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Certification from United States District Court v. City of Seattle

Supreme Court of Washington, En Banc

November 14, 2019

CERTIFICATION FROM THE UNITED STATES DISTRICT COURT FOR THE WESTERN DISTRICT OF WASHINGTON IN CHONG and MARILYN YIM, KELLY LYLES, EILEEN, LLC, and RENTAL HOUSING ASSOCIATION OF WASHINGTON, Plaintiffs,
v.
CITY OF SEATTLE, Defendant.

          YU, J.

         This case concerns the facial constitutionality of Seattle's Fair Chance Housing Ordinance, which provides in relevant part that it is an unfair practice for landlords and tenant screening services to "[r]equire disclosure, inquire about, or take an adverse action against a prospective occupant, a tenant, or a member of their household, based on any arrest record, conviction record, or criminal history," subject to certain exceptions. SEATTLE MUNICIPAL CODE (SMC) 14.09.025(A)(2). The plaintiffs claim that on its face, this provision violates their state constitutional right to substantive due process and their federal constitutional rights to free speech and substantive due process. WASH. CONST, art. I, § 3; U.S. Const, amends. I, V, XIV.

         The merits of the plaintiffs' claims are not before us. Instead, we have been certified three questions by the federal district court regarding the standard that applies to the plaintiffs' state substantive due process claim:. (1) "What is the proper standard to analyze a substantive due process claim under the Washington Constitution?" (2) "Is the same standard applied to substantive due process claims involving land use regulations?" and (3) "What standard should be applied to Seattle Municipal Code [chapter] 14.09 ('Fair Chance Housing Ordinance')?" Order, No. CI8-0736-JCC, at 2-3 (W.D. Wash. Feb. 5, 2019).

         This court has not previously adopted heightened standards for substantive due process challenges to laws regulating the use of property as a matter of independent state law, and we are not asked to do so in this case. Therefore, we answer the district court's questions as follows: Unless and until this court adopts heightened protections as a matter of independent state law, state substantive due process claims are subject to the same standards as federal substantive due process claims. The same is true of state substantive due process claims involving land use regulations and other laws regulating the use of property. Therefore, the standard applicable to the plaintiffs' state substantive due process challenge to the Fair Chance Housing Ordinance is rational basis review.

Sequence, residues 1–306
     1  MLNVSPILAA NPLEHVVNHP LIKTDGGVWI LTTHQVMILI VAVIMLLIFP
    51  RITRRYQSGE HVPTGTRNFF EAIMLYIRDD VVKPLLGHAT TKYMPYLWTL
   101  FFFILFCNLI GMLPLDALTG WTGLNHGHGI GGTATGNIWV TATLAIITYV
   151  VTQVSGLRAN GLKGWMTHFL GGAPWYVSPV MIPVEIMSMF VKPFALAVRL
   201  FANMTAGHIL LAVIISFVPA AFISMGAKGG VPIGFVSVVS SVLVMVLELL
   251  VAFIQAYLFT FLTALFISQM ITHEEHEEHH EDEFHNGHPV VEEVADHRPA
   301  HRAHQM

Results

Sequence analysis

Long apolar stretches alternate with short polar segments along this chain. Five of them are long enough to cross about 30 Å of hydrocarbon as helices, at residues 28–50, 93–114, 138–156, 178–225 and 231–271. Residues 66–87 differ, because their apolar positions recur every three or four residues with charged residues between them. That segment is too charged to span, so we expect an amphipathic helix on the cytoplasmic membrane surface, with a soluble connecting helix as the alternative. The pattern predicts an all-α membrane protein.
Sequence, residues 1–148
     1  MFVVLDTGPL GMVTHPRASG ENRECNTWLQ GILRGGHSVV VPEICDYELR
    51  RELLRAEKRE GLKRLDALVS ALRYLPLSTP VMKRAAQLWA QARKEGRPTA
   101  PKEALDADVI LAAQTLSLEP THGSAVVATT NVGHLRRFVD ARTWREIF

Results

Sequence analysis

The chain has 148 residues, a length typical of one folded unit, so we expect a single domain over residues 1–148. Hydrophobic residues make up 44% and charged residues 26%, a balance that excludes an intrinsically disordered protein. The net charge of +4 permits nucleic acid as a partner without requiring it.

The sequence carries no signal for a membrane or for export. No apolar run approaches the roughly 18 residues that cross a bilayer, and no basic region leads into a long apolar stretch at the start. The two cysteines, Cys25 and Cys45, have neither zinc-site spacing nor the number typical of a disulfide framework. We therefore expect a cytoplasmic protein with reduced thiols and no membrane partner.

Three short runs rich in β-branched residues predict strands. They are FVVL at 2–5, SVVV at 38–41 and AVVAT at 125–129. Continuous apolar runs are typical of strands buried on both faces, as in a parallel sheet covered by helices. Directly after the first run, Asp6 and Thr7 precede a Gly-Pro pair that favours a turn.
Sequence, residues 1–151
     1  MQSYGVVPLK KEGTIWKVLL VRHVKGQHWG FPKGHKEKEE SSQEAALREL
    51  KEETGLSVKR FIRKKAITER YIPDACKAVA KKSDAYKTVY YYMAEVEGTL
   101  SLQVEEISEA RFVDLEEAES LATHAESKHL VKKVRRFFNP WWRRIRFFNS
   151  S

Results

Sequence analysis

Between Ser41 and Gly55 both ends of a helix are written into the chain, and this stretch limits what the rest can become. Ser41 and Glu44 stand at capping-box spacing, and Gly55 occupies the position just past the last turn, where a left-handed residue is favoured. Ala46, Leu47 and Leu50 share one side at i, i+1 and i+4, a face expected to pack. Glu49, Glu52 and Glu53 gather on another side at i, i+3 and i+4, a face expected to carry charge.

FACTUAL AND PROCEDURAL BACKGROUND

         In 2014, the mayor of Seattle and the Seattle City Council convened an advisory committee "to evaluate potential strategies to make Seattle more affordable, equitable, and inclusive." Doc. 33-12, at 59 (Stipulated R.). The committee recommended "a multi-pronged approach of bold and innovative solutions to address Seattle's housing affordability crisis," particularly as related to "barriers to housing faced by people with criminal records." Id. at 59-60. Based on the committee's report and its own findings, the Seattle City Council enacted the Fair Chance Housing Ordinance, chapter 14.09 SMC.

         Several Seattle landlords and the Rental Housing Association of Washington (which provides tenant screening services) challenged the ordinance's facial constitutionality in King County Superior Court. Their challenge focuses on SMC 14.09.025(A)(2), which makes it an unfair practice for landlords and tenant screening services to "[r]equire disclosure, inquire about, or take an adverse action against a prospective occupant, a tenant, or a member of their household, based on any arrest record, conviction record, or criminal history," subject to certain exceptions. The plaintiffs claim that this provision facially violates their federal free speech rights and their state and federal substantive due process rights.

         Defendant city of Seattle (City) removed the case to federal district court, and the parties filed cross motions for summary judgment based on stipulated facts and a stipulated record. The district court has not yet ruled on the summary judgment motions because the parties dispute the standard of review that applies to the plaintiffs' state substantive due process claim. The plaintiffs contend that the Fair Chance Housing Ordinance deprives property owners of "a fundamental property interest" and is therefore subject to heightened scrutiny. Doc. 23, at 21. The City contends that rational basis review applies.

         The district court noted that another pending case involving a different Seattle ordinance, Chong Yim v. City of Seattle, No. 95813-1 (Wash. Nov. 14, 2019) (Yim I), raises a similar dispute regarding the standard that applies to state substantive due process claims in Washington. Therefore, "wary about applying a potentially inaccurate standard under state law," the district stayed this case and certified to us three questions regarding the applicable standard of review. Order at 2.

         ISSUES

         A. "What is the proper standard to analyze a substantive due process claim under the Washington Constitution?" Id.